(We know the day we were born, but most of us do not know the day we will die. This love letter to my life is written on the day I've designated as my death day, the 17th of every month, and reminds me to be grateful for my incredible life.)
There is something about a picnic table. It’s not particularly comfortable, or lovely even in its cross-legged simplicity. However, the sight of a picnic table prompts a happy reaction in me. Maybe it’s the picnic table from childhood under the shady shelter of a large pecan tree; maybe it’s the symbol of years of camping trips and excursions; maybe it’s an ancient memory of eating in community out doors around a fire.
My reaction to picnic tables seems to be deeper than its form or function. Something happened yesterday that started me on this path of thinking about picnic tables and called to me at 3:30 this morning until I surrendered and began this letter.
I’ve been here in the hill country of east San Diego County for a week and a half, long enough to settle in and begin the familiar routines of writing, photography and making art. Yesterday, as the shade laced the yard, I spread my laptop and notebooks across the picnic table and settled in to think about a new project.
It was a perfect fall day: the air fresh and that perfect temperature that feels neither cool nor warm.. And, even though I’m in a rather large RV park (250 spaces), my neighbors were gone and the only sounds were a rustle of leaves and an occasional birdcall in the distance. I drifted into the project, writing, revising the related art work, mapping the project which slowly emerged like a developing photo in a dark room. When the day softened into evening and turned cool, I picked up my work and went back inside.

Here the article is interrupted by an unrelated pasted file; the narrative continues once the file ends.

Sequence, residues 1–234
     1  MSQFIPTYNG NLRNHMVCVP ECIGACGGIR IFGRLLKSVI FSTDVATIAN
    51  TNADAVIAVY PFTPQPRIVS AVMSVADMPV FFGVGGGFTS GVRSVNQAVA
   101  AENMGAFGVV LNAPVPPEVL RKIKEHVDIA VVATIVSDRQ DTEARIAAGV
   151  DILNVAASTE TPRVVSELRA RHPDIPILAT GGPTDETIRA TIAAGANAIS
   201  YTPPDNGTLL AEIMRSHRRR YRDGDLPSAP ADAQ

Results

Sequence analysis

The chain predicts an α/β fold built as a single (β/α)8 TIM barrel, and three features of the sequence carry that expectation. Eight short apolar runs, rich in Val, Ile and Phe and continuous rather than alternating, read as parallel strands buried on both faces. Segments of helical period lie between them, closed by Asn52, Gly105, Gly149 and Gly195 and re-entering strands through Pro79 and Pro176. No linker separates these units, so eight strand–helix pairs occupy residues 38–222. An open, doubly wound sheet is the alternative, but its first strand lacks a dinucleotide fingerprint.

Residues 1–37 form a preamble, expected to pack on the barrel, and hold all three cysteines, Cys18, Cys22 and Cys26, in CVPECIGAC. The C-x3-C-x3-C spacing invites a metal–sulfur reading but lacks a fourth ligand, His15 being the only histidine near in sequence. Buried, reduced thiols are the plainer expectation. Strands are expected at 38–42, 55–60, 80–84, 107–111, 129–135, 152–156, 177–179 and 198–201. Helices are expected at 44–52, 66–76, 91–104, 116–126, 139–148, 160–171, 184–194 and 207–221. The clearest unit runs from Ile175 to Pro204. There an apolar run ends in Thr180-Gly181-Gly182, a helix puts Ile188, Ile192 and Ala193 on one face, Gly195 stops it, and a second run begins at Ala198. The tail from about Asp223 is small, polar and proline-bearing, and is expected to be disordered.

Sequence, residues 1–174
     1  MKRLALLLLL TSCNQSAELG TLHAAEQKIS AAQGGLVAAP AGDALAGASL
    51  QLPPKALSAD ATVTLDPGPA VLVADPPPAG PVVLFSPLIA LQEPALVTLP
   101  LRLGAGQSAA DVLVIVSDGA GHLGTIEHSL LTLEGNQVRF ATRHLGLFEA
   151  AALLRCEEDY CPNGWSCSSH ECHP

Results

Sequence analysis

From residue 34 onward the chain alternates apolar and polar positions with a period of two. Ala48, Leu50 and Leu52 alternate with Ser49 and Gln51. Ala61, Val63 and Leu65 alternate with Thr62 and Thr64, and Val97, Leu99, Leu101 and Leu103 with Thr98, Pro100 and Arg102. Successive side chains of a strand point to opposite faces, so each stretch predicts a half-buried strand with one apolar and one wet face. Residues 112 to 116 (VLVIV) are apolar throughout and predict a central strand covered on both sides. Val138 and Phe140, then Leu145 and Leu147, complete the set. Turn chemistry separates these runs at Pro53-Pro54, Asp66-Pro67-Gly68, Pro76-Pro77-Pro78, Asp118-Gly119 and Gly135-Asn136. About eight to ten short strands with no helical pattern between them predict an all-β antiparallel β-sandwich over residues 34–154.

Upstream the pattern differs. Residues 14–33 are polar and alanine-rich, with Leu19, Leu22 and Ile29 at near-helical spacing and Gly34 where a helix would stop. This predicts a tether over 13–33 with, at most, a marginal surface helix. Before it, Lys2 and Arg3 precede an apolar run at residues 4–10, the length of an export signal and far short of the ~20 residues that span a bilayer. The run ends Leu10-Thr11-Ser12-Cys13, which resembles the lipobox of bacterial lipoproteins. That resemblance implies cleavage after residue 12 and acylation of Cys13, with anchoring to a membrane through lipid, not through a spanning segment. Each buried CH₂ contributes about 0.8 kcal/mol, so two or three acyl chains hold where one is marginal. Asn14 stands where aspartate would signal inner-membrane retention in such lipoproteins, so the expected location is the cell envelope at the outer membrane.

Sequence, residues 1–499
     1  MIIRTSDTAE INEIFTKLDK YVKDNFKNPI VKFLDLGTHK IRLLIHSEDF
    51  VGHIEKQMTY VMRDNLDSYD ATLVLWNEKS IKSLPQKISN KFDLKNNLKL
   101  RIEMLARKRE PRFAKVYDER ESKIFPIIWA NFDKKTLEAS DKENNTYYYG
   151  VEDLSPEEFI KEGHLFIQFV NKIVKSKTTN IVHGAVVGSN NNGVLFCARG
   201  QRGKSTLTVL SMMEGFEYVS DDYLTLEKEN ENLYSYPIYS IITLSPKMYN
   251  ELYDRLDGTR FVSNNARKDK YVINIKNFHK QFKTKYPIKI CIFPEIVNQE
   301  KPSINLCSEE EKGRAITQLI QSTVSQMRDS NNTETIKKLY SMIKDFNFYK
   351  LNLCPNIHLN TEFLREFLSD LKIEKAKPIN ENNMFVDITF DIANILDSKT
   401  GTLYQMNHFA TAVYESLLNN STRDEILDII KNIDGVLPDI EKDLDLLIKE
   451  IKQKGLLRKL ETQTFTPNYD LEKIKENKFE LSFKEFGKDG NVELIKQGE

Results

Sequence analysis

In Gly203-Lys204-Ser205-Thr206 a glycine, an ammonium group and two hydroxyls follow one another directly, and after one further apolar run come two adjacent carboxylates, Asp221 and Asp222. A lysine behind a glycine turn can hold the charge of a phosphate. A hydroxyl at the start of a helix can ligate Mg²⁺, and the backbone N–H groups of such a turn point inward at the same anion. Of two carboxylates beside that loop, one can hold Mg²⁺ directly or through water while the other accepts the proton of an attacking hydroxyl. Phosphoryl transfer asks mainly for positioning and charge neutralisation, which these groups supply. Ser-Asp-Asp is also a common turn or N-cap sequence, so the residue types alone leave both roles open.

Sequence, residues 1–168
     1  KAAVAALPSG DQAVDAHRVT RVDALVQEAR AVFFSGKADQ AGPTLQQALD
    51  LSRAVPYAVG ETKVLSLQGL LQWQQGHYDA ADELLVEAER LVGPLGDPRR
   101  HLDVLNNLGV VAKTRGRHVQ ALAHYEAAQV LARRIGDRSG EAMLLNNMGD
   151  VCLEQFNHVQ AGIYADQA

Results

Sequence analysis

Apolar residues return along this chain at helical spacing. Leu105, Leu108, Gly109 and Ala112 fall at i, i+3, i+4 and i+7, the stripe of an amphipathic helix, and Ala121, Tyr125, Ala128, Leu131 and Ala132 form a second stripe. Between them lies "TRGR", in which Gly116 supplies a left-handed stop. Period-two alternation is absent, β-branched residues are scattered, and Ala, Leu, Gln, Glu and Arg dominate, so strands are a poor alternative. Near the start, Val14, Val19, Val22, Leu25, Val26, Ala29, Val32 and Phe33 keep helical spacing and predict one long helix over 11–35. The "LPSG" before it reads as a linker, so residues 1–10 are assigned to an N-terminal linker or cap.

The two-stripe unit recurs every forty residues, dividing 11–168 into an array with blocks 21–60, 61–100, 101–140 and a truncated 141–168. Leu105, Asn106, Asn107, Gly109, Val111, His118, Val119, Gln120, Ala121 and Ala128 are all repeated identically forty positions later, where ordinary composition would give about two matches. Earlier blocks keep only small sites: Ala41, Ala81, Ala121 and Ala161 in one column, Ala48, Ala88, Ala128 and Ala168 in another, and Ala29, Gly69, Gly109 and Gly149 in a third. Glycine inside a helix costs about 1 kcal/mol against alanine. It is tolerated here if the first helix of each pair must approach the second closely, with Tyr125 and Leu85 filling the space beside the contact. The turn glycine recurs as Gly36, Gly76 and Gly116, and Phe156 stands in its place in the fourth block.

That's when I noticed the quiet. Not just the quiet of outside, but the silence in my head. I could hear, or rather feel, the silence, like being wrapped in a blanket of calm and peace. I thought it would go away when I noticed it, but it didn’t. It seemed to be in my body as well as my mind. It was part of my breath.
In the past six weeks, I’ve been called to make this change, not understanding why. Every time I would have a doubt, it would be whisked away by the ease with which everything was happening. It was like walking through a maze of blind corners with no clue of which way to go until suddenly a “this way” sign would appear.
I still don’t know exactly why I’m here but it feels right and the peaceful silence is still with me even though it did wake me up in the middle of the night, demanding that I get up and write about this.